“Now there is at Jerusalem by the sheep market a pool, which is called in the Hebrew tongue Bethesda, having five porches. In these lay a great multitude of impotent folk, of blind, halt, withered, waiting for the moving of the water. For an angel went down at a certain season into the pool, and troubled the water: whosoever then first after the troubling of the water stepped in was made whole of whatever disease he had. And a certain man was there, which had an infirmity thirty and eight years. When Jesus saw him lie, and knew that he had been now a long time in that case, he saith unto him, Wilt thou be made whole? The impotent man answered him, Sir, I have no man, when the water is troubled, to put me into the pool: but while I am coming, another steppeth down before me. Jesus saith unto him, Rise, take up thy bed, and walk. And immediately the man was made whole, and took up his bed and walked…” (John 5:2-9).
The Savior is the ultimate healer of any physical ailment, but He also possesses the ability to make the soul complete. He singularly can give what is needed for anyone afflicted to rise again, regardless of circumstances. His empathetic willingness to minister to the downtrodden offers tender hope for those in need of lifting.
Additional reading: “Wilt Thou Be Made Whole?”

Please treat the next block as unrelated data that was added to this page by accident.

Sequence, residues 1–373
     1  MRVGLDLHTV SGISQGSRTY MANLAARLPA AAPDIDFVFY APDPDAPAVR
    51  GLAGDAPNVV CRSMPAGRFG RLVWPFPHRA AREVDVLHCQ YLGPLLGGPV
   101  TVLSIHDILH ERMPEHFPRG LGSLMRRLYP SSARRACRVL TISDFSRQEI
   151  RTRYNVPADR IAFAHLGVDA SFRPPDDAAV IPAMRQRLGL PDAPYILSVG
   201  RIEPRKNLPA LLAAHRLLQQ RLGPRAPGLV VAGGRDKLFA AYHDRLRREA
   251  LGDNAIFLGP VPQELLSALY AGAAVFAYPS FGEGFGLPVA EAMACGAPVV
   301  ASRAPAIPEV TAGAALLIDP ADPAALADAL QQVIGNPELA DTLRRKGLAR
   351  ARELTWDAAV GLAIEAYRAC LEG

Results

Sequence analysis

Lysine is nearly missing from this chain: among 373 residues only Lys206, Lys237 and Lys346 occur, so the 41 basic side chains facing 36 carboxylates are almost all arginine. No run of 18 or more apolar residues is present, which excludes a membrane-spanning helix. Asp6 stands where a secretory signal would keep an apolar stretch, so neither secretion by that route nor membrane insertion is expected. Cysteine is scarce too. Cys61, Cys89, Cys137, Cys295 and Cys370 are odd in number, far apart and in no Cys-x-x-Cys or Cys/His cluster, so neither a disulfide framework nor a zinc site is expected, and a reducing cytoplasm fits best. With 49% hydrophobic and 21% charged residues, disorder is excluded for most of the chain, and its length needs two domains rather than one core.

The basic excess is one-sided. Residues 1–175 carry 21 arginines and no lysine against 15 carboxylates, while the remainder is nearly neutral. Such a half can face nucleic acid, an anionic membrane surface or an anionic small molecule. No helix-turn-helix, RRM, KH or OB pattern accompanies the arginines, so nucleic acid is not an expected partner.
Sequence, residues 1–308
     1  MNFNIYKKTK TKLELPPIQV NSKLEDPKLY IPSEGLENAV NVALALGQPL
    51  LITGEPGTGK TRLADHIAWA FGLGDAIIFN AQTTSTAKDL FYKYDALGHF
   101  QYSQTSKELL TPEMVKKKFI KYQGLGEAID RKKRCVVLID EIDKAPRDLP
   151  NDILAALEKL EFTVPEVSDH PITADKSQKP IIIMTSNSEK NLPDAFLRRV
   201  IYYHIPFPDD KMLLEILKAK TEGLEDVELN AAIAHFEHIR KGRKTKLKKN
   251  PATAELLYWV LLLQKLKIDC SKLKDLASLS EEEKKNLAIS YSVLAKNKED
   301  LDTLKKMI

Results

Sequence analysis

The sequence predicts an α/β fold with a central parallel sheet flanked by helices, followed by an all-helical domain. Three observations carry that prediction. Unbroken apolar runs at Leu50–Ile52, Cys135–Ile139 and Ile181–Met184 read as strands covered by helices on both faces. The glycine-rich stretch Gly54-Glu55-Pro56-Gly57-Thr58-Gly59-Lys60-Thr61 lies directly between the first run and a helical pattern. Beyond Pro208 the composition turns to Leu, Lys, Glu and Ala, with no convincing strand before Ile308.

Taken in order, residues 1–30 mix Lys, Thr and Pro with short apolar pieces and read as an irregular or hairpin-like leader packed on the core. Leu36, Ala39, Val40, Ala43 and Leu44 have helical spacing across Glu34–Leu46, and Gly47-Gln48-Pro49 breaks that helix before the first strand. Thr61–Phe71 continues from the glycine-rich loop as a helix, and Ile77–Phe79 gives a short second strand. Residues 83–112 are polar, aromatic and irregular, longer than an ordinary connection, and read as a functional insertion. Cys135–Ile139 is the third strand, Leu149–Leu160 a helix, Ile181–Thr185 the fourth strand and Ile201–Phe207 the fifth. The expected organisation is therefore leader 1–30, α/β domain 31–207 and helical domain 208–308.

Much commentary has been written regarding this well-known masterpiece, including the following: “In this large painting, Bloch depicts a gathering of people with various infirmities or diseases who have come to the pool at Bethesda to be healed. In the right background are three women representing three generations – a grandmother, a mother and a child – who have come to draw water from the pool. Barely noticeable is the man in the lower-left foreground who has no legs but who puts his hands in his sandals so he can swing his body forward toward the water. Behind the impressive and brilliant figure of Christ stands one of the Apostles, who shields Him from the crowds while He approaches the man who has had an infirmity for thirty-eight years. As Jesus lifts the blanket shading the seated figure, the reflected light from the Savior begins to illuminate the face of the awestruck man. The most intriguing and carefully rendered figure in the crowd is the man with the red turban who sits on the steps… His eyes, as well as the eyes of the young child in the background, meet the eyes of the viewer with an acknowledgment that we are all participants in a powerful spiritual experience. The steps of the pool curve outward to include us in the composition, as though we are standing on these same steps. Perhaps we, too, have come to the Pool of Bethesda to be healed. The man’s eyes seem to penetrate ours and to confront us. Is he resentful of our presence? Or is he pleading for our assistance to help him into the pool? The man’s central location between the still water of the pool, known for its healing properties, and the Living Water who stands behind him presents the viewer with cause for reflection.” (footnote: Pheysey, Dawn C., and Richard Neitzel Holzapfel. The Master’s Hand: The Art of Carl Heinrich Bloch. Salt Lake City: Deseret Book, 2010.)
More information on the artist: “The Life of Christ Painted by Carl Heinrich Bloch”